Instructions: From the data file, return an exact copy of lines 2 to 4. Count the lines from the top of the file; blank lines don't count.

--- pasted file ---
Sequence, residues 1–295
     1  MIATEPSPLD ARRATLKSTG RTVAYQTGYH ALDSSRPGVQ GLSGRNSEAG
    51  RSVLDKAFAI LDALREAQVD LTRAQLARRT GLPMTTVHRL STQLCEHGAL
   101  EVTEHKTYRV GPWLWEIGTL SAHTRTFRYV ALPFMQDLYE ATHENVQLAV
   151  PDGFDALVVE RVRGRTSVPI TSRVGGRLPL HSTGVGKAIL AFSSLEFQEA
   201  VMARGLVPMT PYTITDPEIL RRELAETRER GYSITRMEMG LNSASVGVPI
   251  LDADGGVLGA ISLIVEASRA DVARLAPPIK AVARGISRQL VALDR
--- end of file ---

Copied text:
     1  MIATEPSPLD ARRATLKSTG RTVAYQTGYH ALDSSRPGVQ GLSGRNSEAG
    51  RSVLDKAFAI LDALREAQVD LTRAQLARRT GLPMTTVHRL STQLCEHGAL
   101  EVTEHKTYRV GPWLWEIGTL SAHTRTFRYV ALPFMQDLYE ATHENVQLAV